The company appeared in the bankruptcy proceeding and challenged the petition on the ground that it disclosed no act of bankruptcy, but the court, deeming that such an act was charged, overruled the objection, and, there being no denial of the facts stated in the petition, adjudged the respondent a bankrupt. The company appealed to the Circuit Court of Appeals, and that court, having briefly reviewed the opposing views touching the point in controversy (202 Fed. Rep. 892), certified the case here, with a request that instruction be given on the following questions:

“(1) Whether the failure by an insolvent judgment

Opinion of the Court.

debtor, and for a period of one day less than four months after the levy of an execution upon his real estate, to vacate or discharge such levy, is a 'final disposition of the property' affected by such levy, under the provisions of section 3a (3) of the Bankruptcy Act of 1898.

"(2) Whether an insolvent debtor commits an act of bankruptcy rendering him subject to involuntary adjudication as a bankrupt, under the Bankruptcy Act of 1898, merely by inaction for the period of four months after the levy of an execution upon his real estate."

It will be observed that no reference is made to an accomplished or impending disposal of the property in virtue of the levy, although the mode of disposal prescribed by the local law is by advertisement and sale. 2 Bates' Ann. Ohio Statutes, §§ 5381, 5393.

The answers to the questions propounded turn upon the true construction of § 3a (3) of the Bankruptcy Act, which declares:

"Acts of bankruptcy by a person shall consist of his having (3) suffered or permitted, while insolvent, any creditor to obtain a preference through legal proceedings, and not having at least five days before a sale or final disposition of any property affected by such preference vacated or discharged such preference." Chapter 541, 30 Stat. 544, 546.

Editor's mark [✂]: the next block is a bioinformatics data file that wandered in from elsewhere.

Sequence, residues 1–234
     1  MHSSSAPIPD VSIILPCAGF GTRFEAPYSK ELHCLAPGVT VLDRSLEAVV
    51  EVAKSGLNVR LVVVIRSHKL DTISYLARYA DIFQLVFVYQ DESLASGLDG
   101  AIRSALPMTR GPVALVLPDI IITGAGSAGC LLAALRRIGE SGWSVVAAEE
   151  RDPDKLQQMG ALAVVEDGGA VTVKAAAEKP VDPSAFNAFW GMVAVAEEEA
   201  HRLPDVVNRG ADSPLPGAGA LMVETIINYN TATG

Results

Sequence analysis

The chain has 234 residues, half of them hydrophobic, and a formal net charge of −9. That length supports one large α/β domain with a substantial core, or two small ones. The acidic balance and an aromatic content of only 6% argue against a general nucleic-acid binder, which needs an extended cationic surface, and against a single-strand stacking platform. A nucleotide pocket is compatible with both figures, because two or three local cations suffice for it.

234 U.S.

Looking at the terms of this provision, it is manifest that the act of bankruptcy which it defines consists of three elements. The first is the insolvency of the debtor, the second is suffering or permitting a creditor to obtain a preference through legal proceedings, that is, to acquire a lien upon property of the debtor by means of a judgment, attachment, execution or kindred proceeding, the enforcement of which will enable the creditor to collect a greater percentage of his claim than other creditors of the same class, and the third is the failure of the debtor to vacate or discharge the lien and resulting preference five days

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before a sale or final disposition of any property affected. Only through the combination of the three elements is the act of bankruptcy committed. Insolvency alone does not suffice, nor is it enough that it be coupled with suffering or permitting a creditor to obtain a preference by legal proceedings. The third element must also be present, else there is no act of bankruptcy within the meaning of this provision. All this is freely conceded by counsel for the petitioning creditor.

The questions propounded assume the existence of the first two elements and are intended to elicit instruction respecting the proper interpretation of the clause describing the third, namely, "and not having at least five days before a sale or final disposition of any property affected by such preference vacated or discharged such preference." It is to this point that counsel have addressed their arguments.

Without any doubt this clause shows that the debtor is to have until five days before an approaching or impending event within which to vacate or discharge the lien out of which the preference arises. What, then, is the event which he is required to anticipate? The statute answers, "a sale or final disposition of any property affected by such preference." As these words are part of a provision dealing with liens obtained through legal proceedings, and as the enforcement of such a lien usually consists in selling some or all of the property affected and applying the proceeds to the creditor's demand, it seems quite plain that it is to such a sale that the clause refers. And as there are instances in which the property affected does not require to be sold, as when it is money seized upon execution or attachment or reached by garnishment,1 it seems equally

1 See Turner v. Fendall, 1 Cranch, 117, 133; Sheldon v. Root, 16 Pick. 567; Crane v. Freese, 16 N. J. L. 305; Green v. Palmer, 15 California, 411, 418; 2 Bates' Ann. Ohio Statutes, §§ 5374, 5383, 5469, 5470, 5483, 5531, 5548, 5555.